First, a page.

Our industry, not unlike the housing industry, saw too much square footage. Thousands of doors opened in the nineties and aughts, created a bubble and like housing, that bubble has now burst. We are seeing the results, doors shuttering and rents retreating. This trend will continue for the foreseeable future and may even accelerate … The U.S. market is oversaturated with retail space and far too much of that space is occupied by stores selling

– Richard Hayne, CEO Urban Outfitters, Inc.

Mr. Hayne is commenting on the current challenging times for retail bricks-and-mortar. Urban Outfitters sales are slumping and they’re not alone – The Limited, Wet Seal, and BCBG are facing insolvency. Macy’s and JCPenney are laying off workers and shutting stores.

What’s up? Well, like Mr. Hayne says there’s too much retail space and an overabundance of product. Combine that with customers’ lack of fashion interest and a desire instead to spend money on food and travel. Plus people more and more prefer to shop online.

Old-fashion gal that I am, I like shops. But lately I have noticed that I can’t find what I want and customer service is lackluster, even at local boutiques. It seems that a big wet blanket is draped over retail establishments. Walk in and there’s no energy, no interest, no interaction. Why stay? Why buy? There are exceptions, of course and I try to support those that I find.

These are interesting times for fashion and retail.

logo2There’s nothing more fashionable than standing up for yourself and that’s what women have been doing for decades on International Women’s Day, always celebrated on March 8th. (1909 was the year of the first organized Women’s Day held in New York). But this year the day is supersized as women across the globe are ready for day of action, called International Women’s Strike or A Day Without a Woman.

The intent is to highlight issues such as reproductive rights, equal pay and opportunity, gender violence, and environmental justice. Ways to participate are:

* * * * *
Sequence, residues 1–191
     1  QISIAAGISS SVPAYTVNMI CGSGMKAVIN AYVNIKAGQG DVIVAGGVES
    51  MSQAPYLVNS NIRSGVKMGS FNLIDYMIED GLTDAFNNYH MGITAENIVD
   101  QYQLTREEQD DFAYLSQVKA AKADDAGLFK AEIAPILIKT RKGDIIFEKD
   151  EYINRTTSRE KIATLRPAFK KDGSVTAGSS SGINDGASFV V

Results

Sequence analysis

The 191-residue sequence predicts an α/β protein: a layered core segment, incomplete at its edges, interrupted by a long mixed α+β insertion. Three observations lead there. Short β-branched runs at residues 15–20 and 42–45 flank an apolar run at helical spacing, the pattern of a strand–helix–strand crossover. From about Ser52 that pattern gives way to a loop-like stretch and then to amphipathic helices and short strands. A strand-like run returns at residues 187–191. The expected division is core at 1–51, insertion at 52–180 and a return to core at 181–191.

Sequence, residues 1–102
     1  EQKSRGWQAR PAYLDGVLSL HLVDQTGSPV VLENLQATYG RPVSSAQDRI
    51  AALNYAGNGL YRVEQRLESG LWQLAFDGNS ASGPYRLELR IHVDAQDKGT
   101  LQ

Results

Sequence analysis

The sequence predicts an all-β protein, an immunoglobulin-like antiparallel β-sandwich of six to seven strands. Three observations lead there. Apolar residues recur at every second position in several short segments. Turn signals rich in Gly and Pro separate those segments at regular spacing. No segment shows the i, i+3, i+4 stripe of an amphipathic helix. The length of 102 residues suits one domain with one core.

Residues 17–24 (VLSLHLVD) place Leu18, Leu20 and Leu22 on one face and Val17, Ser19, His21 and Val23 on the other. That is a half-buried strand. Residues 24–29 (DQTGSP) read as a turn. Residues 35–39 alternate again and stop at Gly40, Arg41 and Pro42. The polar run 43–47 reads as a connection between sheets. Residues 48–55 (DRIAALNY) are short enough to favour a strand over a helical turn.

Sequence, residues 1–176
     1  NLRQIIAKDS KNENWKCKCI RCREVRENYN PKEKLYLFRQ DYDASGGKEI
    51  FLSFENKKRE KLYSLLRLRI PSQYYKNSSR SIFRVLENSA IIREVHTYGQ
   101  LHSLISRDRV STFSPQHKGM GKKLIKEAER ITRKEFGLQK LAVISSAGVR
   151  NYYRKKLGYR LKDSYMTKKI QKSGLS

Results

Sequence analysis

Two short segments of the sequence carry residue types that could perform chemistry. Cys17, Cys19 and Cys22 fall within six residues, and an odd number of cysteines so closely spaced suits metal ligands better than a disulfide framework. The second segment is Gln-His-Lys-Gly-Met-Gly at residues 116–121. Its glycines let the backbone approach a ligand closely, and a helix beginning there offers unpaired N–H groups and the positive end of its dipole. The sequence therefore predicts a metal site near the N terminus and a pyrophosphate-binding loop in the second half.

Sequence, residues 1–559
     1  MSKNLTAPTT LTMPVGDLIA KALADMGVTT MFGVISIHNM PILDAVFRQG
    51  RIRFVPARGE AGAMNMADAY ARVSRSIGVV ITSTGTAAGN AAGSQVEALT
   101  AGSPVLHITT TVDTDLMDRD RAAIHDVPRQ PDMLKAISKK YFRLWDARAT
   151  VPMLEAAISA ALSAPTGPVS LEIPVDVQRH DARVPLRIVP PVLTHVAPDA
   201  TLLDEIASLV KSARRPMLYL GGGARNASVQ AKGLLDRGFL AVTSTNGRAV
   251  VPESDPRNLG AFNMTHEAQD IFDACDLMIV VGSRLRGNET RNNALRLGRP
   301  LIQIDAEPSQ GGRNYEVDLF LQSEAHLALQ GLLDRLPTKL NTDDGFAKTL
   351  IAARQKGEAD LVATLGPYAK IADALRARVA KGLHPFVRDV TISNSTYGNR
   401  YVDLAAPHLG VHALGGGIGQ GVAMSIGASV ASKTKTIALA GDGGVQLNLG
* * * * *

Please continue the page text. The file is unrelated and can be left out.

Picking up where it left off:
• (if you can) stay home from your job, or leave early and refrain from all labor
  • don’t shop except at small, local, and women or minority owned establishments
  • wear red in solidarity with the movement

Women from over 50 countries organized International Women’s Strike after the success of the Women’s March in January. They say:

In the spirit of solidarity and internationalism, in the United States March 8th will be a day of action organized by and for women who have been marginalized and silenced by decades of neoliberalism directed towards working women, women of color, Native women, disabled women, immigrant women, Muslim women, lesbian, queer and trans women.  
March 8th will be the beginning of a new international feminist movement that organizes resistance not just against Trump and his misogynist policies, but also against the conditions that produced Trump, namely the decades long economic inequality, racial and sexual violence, and imperial wars abroad.  

Yes, we persist!




What a perfect combo – SJP driving a super cool vintage station wagon. Photo: Christian Hogstedt

Are you a fan of Sarah Jessica Parker? Find her in a thoughtful Q&A with the new online magazine, sbjct.  (Subject without the vowels.)